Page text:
This is a spoiler-free review.
It’s so hard to hate the romantic comedy genre. Some people think it’s a phase, others think it’s cheesy and artificial, and then there’s the category of viewers who pretend to hate it.
I’m a rom-com lover, and I’m not ashamed about it. Best friends turned lovers. Secret childhood connections. Guy uses a love interest as a ruse to attract another person, only to discover that what he was looking for was right in front of him all along. I’m down for all of them.
Personally, just give me two characters who are fueled by pettiness but secretly yearn to be in the arms of one another, and I will chew that up with comfort ice cream. Something about the genre and its fairytale aspirations makes audiences swoon with passionate affection. Call it what you want – magic or naïveté – but you can’t deny its effectiveness.
And so here comes a new rom-com offering from Julia Roberts and George Clooney, two actors you simply cannot take your eyes off once they get in the groove. A known master in the genre, Roberts expertly sinks into her rom-com royalty heels, and it still fits gorgeously. On the other hand, Clooney manages to make what would otherwise be a repugnable old white dude into a charming goofball.
Pairing the two in a rom-com after five films together (most prominently in the Ocean’s trilogy) is a smart move. Not only are they accomplished and charismatic actors, but they’re at the right place and right time in their careers for this film to work. Ticket to Paradise allows Roberts and Clooney a chance to relax, chill, and not take themselves too seriously in a fun escapist getaway in Bali, Indonesia.
The film introduces David (Clooney) and Georgia Cotton (Roberts), a divorced couple forced to reunite as their daughter, Lily (Kaitlyn Dever), abruptly decides to marry an Indonesian man he just met named Gede (Maxime Bouttier). The two parents decide to visit their daughter in the hopes of bringing her back to America to continue being a lawyer. Little do they know that the trip will resuscitate the remaining embers of love lingering between them.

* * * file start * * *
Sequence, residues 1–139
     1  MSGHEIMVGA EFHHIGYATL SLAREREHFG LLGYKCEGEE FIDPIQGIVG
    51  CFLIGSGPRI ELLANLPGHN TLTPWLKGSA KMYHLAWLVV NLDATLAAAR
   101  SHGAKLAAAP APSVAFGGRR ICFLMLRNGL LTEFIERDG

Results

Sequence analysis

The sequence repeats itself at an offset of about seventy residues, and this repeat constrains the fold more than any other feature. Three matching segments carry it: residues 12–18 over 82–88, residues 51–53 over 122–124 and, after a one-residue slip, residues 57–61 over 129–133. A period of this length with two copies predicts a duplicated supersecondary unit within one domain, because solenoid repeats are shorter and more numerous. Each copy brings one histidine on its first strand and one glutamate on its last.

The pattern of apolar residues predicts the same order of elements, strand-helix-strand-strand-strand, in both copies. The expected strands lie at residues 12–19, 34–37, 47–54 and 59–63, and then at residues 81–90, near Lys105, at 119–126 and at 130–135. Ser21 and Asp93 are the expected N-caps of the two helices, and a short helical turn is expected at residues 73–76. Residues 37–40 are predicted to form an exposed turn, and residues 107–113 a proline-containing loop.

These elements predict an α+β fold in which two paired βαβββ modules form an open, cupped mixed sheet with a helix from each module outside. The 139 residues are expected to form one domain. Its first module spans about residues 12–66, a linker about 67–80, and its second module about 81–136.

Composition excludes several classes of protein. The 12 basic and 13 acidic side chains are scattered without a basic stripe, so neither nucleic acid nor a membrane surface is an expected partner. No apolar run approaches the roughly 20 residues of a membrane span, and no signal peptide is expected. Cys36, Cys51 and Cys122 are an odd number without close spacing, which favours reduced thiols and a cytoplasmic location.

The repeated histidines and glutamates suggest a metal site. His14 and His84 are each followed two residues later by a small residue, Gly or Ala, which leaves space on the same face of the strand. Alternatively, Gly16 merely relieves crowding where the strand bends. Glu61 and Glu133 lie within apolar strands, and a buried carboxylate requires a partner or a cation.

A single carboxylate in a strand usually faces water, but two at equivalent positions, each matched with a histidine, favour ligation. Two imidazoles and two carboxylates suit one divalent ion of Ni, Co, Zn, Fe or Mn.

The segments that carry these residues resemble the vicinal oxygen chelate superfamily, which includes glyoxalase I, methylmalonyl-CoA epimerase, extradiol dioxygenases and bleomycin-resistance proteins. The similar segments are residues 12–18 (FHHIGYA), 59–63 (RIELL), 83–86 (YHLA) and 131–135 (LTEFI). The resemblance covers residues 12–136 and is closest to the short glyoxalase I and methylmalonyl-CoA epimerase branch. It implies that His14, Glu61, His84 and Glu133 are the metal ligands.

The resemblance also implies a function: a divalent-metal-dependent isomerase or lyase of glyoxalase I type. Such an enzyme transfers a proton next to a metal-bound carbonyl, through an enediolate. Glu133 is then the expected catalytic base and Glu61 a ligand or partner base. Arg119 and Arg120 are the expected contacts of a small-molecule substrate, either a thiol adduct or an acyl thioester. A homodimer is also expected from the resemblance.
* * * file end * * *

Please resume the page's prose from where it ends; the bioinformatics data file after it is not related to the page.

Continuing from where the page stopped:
Along the ride are Lily’s carefree friend Wren (Billie Lourd) and the scene-stealing loyal lackey named Paul (Lucas Bravo), who is submissive to Georgia to a fault. A tug-of-war game ensues as the divorcees make moves to prevent the wedding from happening. Later on, it becomes clear that it’s a battle of cultures, and, predictably, the film sits squarely within the Western side until it slowly softens as it reveals more about Indonesian life.
Let’s first get the elephant topic out of the window: big colonizer energy. Is the film engaging in some sort of skewered balancing act between honoring Indonesian culture and wedding customs and asserting its own Western gaze? Probably, and it’s most apparent in the first half.
Clooney and Roberts, without a doubt, have chemistry. But if I were a character in this film, I’d see them as insufferable and unconscionable foreigners. It is only when definitive challenges to their world views arrive in the form of their daughter calling them out for their selfishness that the film makes attempts at unshackling itself from privileged undertones.